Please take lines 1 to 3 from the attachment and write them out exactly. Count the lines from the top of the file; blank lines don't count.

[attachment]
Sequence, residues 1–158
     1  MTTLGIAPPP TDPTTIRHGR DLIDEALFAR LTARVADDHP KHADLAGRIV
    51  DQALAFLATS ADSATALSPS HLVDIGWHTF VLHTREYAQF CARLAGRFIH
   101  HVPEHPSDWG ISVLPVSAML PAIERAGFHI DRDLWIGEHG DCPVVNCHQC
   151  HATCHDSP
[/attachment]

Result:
Sequence, residues 1–158
     1  MTTLGIAPPP TDPTTIRHGR DLIDEALFAR LTARVADDHP KHADLAGRIV
    51  DQALAFLATS ADSATALSPS HLVDIGWHTF VLHTREYAQF CARLAGRFIH